Trump administration moves to relax rules on how long truckers can drive

Truck driver Terry Button
“Having the flexibility is huge,” said Terry Button, a hay farmer who owns his truck. Above, Button with his truck in June.
(Tom Sampson / Associated Press)

The Trump administration has taken a step closer to relaxing federal regulations governing the amount of time truck drivers can spend behind the wheel, a move that was long sought by the trucking industry but opposed by safety advocates who warn it could lead to more highway crashes.

The Federal Motor Carrier Safety Administration, an agency of the Transportation Department, on Wednesday issued proposed changes to the “hours of service” rules that dictate breaks truckers are required to take, and their time on and off duty.

“It puts a little more power back in the hands of the drivers and motor carriers,” agency head Raymond Martinez said. Martinez said the agency listened to drivers and their call for safer and more flexible rules.


But highway safety groups have warned that putting the revisions into place would dangerously weaken the regulations.

The government “is offering flexibility without regard for the fact that these weakened rules could be exploited by the worst actors in the industry,” said Harry Adler, executive director of the Truck Safety Coalition.

There were 4,657 large trucks involved in fatal crashes in 2017, a 10% increase from the year before, according to a May report issued by the agency.

Trade groups that represented truck drivers and motor carriers have pushed for years for less rigid rules about hours of service, arguing that the regulations were out of step with the daily realities confronting most truck drivers. They found a supporter in President Trump, who has made rolling back layers of regulatory oversight a priority.

“Having the flexibility is huge,” Terry Button, a hay farmer and truck owner from upstate New York, said Wednesday. “It’s good that the government finally took the time to listen to the people who do the job.” Button has logged about 4 million miles since he started driving in 1976.

The current regulations limit long-haul truckers to 11 hours of driving time within a 14-hour on-duty window. Drivers must have had 10 consecutive hours off duty before the on-duty clock starts anew. A driver who will be driving more than eight hours must take a 30-minute off-duty break before hitting the eight-hour mark.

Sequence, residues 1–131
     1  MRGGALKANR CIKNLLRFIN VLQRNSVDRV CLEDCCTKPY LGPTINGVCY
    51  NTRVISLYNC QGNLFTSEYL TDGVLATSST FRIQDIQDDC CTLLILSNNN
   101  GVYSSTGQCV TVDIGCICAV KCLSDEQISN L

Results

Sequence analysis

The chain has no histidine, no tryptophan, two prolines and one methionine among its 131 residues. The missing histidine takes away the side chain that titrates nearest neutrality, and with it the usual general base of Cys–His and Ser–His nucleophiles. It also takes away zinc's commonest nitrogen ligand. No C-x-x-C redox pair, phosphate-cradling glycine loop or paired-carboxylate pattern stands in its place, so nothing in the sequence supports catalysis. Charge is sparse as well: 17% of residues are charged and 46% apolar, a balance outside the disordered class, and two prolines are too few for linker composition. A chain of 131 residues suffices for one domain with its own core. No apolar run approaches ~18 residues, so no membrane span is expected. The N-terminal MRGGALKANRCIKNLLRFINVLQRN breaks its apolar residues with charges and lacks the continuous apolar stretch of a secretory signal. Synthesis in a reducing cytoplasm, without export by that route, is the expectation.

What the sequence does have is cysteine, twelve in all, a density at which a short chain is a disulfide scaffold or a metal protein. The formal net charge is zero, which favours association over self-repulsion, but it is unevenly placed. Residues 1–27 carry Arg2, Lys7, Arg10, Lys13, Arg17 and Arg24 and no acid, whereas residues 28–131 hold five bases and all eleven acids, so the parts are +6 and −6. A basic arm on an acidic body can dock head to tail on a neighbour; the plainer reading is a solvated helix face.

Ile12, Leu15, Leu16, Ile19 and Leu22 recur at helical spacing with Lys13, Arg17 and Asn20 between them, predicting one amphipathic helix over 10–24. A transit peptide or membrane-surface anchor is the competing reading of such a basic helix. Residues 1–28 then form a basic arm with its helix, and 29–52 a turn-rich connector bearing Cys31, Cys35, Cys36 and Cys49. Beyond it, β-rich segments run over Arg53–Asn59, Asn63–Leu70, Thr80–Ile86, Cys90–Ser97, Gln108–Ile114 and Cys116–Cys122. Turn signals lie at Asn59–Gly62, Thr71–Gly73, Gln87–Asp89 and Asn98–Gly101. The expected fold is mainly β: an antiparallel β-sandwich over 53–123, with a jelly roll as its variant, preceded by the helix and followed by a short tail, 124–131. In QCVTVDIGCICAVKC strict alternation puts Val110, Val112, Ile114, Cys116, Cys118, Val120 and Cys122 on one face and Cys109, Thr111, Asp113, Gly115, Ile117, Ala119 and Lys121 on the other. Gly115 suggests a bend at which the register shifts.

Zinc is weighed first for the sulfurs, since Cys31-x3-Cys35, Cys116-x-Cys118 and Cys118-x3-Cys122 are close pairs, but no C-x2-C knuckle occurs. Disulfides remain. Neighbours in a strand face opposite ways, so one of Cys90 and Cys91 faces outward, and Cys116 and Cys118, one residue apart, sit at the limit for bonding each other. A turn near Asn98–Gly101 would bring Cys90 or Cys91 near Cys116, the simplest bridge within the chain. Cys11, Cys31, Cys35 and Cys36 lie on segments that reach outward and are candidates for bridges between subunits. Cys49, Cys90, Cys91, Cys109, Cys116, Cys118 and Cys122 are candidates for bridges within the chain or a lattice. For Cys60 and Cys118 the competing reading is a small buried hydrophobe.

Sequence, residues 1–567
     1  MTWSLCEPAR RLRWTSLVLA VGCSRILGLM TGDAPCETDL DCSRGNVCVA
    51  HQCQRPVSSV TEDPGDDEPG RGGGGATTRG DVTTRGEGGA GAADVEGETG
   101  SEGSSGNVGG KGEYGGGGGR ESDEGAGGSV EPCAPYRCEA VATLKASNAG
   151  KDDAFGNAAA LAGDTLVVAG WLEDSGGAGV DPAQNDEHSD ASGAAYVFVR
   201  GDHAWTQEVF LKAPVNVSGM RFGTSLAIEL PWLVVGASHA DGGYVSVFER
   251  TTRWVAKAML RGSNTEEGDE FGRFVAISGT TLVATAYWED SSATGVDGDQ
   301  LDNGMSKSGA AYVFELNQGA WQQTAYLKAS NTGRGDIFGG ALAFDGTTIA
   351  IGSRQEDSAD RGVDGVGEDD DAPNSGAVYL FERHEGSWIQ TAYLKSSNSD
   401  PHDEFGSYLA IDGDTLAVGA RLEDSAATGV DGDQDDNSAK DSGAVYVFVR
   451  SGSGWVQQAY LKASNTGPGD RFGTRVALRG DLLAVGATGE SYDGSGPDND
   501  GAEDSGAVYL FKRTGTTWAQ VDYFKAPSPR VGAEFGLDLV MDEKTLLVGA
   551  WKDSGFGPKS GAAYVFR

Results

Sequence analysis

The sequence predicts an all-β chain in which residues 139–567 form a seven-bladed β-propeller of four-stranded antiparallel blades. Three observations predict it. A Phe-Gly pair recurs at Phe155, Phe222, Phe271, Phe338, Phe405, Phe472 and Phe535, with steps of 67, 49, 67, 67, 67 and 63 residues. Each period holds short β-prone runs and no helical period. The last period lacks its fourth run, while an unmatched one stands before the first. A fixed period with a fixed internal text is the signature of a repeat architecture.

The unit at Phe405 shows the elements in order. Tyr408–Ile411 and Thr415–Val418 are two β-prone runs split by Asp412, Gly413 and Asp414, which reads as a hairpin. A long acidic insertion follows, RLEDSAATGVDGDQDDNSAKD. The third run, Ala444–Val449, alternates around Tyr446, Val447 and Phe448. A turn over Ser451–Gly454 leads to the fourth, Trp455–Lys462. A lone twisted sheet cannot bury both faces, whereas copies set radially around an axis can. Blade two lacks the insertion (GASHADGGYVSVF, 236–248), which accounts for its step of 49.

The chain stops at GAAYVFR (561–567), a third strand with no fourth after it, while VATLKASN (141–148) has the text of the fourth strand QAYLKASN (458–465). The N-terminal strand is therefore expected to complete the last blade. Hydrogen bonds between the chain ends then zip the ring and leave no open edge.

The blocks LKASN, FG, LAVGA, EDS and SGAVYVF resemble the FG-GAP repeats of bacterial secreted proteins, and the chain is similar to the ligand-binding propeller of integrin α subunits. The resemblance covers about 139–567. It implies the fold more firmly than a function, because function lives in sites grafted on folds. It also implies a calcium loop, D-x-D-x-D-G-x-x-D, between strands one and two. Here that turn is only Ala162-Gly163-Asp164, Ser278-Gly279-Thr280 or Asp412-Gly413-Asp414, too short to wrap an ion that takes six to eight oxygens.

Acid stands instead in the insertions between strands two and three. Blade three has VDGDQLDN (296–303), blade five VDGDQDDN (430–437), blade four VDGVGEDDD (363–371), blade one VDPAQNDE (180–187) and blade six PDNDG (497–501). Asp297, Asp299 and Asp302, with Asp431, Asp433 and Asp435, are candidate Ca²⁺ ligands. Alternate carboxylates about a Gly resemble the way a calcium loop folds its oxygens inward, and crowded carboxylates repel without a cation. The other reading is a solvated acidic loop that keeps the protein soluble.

Under the proposed revisions, truckers could take a break while they are on duty but not driving. Drivers have complained that long waits for cargo to be loaded or unloaded keep them idle yet they are still required to take an off-duty break, even if they do not need to rest or cannot find suitable parking for a big rig.

The administration also is proposing to allow drivers to “pause” the 14-hour driving window for an off-duty break of up to three hours, provided the trucker still takes the 10 consecutive hours off duty at the end of the work shift.

Short-haul drivers are exempt from logging their time electronically if they meet certain criteria that include starting and returning to the same location within 12 consecutive hours and not exceeding a 100-mile radius. The proposal would extend the on-duty period to 14 hours and extend the distance limit to 150 miles.

Eric Teoh, a senior statistician with the Insurance Institute for Highway Safety, had urged against lengthening the short-haul work period. In a letter to Martinez and the agency last year, Teoh said that a recent IIHS study showed that interstate truck drivers operating under the short-haul exemption had a crash risk 383% higher than those not using the exemption.

The powerful American Trucking Assns., whose members include the nation’s largest motor carriers and truck manufacturing companies, said in a statement that the revisions maintain the “core principles” of the regulations.

A group representing independent truck drivers hailed the “common-sense approach” that will make it easier for truckers to avoid heavy traffic, bad weather and other adverse situations.

“Truckers have families and want to get home safely just like everyone else. They are the most knowledgeable, highway safety advocates and the agency’s proposal, overall, recognizes that fact,” said Todd Spencer, president of the Owner-Operator Independent Drivers Assn.

The organization Spencer heads and a grassroots group called last year petitioned the Federal Motor Carrier Safety Administration to amend the rules governing hours of service.

The proposal will be published in the Federal Register next and be open for public comment for 45 days. Martinez said he couldn’t say when a final rule would be issued and take effect, but he described what the agency issued Wednesday as a key step in the process.